We both jumped up, got the bike upright and rode it back to my apartment. My girlfriend was royally pissed because I destroyed the pants she had bought me...... I married her anyway. We're still married.
The bike had scratches, and the Speedo needle got bent from whacking into the ground. I lost skin on my hands, forearms, knees, and the tops of my feet. Similar for Steve.

She insisted I take a course to learn what happened. And, that I wear a helmet. That's when I took the first MSF safety course on base, and was taught a sh*t load more than the previous ~10 years of screwing around on mini bikes, dirt bikes, and atv had taught me. Quite literally 30 years later, I still practice the drills I learned then.

Every crash I have had since that one, I've taken another course, and added more safety gear.

Anything short of tee boning a car, I am unlikely to be injured. I am less likely to tee bone that car...... Because I have been trained. I know what to look for, how far in advance I need to be able to identify the threats, and have multiple tools to manage the risk.

When you see a 5' tall 90 lb lady operate a motorcycle, and admit she can do it better than you --- that's when it sinks in. Riding is 90+% mental. Train your brain. The rest will follow.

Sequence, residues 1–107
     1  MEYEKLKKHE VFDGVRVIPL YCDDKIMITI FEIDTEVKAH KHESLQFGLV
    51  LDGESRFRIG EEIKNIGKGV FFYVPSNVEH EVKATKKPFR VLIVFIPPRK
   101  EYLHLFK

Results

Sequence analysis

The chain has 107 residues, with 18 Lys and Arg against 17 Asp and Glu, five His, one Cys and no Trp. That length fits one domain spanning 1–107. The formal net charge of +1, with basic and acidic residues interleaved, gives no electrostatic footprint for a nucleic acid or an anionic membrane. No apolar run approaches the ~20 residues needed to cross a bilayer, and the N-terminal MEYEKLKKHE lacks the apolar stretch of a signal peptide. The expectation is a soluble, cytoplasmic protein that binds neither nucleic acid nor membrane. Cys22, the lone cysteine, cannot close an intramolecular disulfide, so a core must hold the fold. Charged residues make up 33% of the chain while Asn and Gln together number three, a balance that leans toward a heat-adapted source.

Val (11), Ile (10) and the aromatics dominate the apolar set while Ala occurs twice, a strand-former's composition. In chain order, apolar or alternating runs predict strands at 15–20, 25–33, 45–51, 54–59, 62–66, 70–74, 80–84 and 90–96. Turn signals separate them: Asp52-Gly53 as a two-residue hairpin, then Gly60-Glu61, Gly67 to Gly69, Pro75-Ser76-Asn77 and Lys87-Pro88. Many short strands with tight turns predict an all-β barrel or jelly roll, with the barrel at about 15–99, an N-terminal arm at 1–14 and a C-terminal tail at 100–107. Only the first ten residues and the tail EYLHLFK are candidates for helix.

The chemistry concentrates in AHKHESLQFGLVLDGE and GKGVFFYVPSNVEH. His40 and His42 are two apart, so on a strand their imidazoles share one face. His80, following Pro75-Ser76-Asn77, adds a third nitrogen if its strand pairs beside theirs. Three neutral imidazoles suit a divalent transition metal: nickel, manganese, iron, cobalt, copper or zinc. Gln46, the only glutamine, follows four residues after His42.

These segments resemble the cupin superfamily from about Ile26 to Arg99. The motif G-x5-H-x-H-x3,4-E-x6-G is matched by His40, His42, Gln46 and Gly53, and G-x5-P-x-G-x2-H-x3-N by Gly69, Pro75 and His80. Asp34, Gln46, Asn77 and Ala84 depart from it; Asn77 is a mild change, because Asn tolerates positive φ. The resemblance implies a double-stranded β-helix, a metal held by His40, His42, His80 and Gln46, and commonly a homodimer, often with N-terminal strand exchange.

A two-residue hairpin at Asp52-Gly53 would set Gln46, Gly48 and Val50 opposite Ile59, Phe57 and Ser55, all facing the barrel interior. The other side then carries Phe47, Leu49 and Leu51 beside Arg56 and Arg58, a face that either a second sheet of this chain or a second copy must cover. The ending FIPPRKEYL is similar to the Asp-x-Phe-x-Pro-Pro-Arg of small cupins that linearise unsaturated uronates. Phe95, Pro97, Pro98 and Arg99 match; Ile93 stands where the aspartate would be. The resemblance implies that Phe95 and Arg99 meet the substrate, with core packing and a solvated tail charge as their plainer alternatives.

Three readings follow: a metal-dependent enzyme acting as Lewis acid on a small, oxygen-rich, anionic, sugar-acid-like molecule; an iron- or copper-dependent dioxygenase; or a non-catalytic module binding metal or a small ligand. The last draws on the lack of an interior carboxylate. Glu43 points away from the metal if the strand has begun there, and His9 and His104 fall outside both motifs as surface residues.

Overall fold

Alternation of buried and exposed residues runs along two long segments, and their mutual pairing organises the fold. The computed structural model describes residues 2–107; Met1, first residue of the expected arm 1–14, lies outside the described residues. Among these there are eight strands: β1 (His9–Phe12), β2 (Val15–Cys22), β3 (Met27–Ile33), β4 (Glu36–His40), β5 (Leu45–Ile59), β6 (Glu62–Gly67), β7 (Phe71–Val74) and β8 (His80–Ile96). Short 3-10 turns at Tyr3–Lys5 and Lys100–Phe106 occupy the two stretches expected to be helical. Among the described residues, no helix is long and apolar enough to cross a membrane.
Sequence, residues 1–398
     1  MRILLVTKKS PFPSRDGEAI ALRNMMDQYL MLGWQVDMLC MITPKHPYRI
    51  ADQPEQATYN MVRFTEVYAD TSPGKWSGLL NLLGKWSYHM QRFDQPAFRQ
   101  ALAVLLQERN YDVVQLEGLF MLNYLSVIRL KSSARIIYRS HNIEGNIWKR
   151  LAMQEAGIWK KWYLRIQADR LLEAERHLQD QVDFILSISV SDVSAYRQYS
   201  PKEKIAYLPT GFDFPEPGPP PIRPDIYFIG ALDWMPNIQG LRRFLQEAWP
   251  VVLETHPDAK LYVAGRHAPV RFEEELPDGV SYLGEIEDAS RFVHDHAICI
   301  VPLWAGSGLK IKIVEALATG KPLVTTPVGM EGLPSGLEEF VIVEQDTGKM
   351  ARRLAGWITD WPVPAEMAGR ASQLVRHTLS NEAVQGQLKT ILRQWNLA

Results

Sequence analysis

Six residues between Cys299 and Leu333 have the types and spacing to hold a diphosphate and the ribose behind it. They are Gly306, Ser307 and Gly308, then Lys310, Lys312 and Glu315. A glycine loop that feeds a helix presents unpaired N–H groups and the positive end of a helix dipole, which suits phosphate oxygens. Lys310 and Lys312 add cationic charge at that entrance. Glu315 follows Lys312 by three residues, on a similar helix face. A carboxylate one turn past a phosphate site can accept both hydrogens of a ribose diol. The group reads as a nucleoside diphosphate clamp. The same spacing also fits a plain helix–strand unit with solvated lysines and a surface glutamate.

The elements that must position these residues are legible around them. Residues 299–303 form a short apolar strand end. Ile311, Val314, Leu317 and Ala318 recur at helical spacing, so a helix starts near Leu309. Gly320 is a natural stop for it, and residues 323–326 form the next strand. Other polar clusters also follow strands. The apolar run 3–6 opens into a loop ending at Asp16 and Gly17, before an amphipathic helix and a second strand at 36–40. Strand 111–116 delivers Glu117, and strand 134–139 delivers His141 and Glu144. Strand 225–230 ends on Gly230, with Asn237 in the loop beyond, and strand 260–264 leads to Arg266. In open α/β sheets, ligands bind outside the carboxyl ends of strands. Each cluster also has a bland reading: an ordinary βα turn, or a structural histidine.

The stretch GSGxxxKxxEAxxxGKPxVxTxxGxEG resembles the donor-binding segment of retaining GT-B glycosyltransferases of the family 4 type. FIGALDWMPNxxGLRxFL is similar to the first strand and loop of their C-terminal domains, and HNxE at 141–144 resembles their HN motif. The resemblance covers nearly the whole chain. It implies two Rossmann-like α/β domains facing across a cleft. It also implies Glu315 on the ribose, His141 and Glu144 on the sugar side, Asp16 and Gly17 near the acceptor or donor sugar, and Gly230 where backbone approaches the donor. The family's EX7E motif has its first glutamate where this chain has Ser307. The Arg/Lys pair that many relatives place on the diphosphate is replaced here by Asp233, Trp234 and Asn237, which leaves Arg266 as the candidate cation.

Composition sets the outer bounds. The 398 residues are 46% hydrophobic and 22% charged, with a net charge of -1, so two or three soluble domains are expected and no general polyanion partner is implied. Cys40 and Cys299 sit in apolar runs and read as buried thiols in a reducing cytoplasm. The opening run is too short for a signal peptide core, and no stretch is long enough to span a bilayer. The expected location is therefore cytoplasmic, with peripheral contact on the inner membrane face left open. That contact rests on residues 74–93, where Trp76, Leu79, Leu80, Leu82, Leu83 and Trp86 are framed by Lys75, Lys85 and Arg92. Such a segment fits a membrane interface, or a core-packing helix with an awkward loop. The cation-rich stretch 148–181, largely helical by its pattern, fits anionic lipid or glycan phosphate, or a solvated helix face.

Hey what’s up man they just told me my bikes ready so I’m on the way right now to go pick it up but I did not hit the curb head-on with the front room I just hit the side of the bike so I approach the curb with the side of the bike if that makes sense to wheels did not touch the curb at all it was at about 20 mph and the shop just told me it’s the oil pan and cosmetic damage on the faring so I don’t have to worry about the exhaust right because that’s all they told me they’re very honest people to me we all make each other laugh and we’re all friendly so they’re not trying to get money off me
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post #14 of 16 Old 09-08-2018, 11:50 AM
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Sounds like you have been very lucky so far.

The trick is to build up your experience before you run out of luck.

"Basic stuff fellas. Use your head for something other than to break your next fall."
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post #15 of 16 Old 09-08-2018, 03:43 PM
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Dyno Jet has instructions on their website. Not really worth it when you can get a flash for like $199. I much prefer my woolich racing setup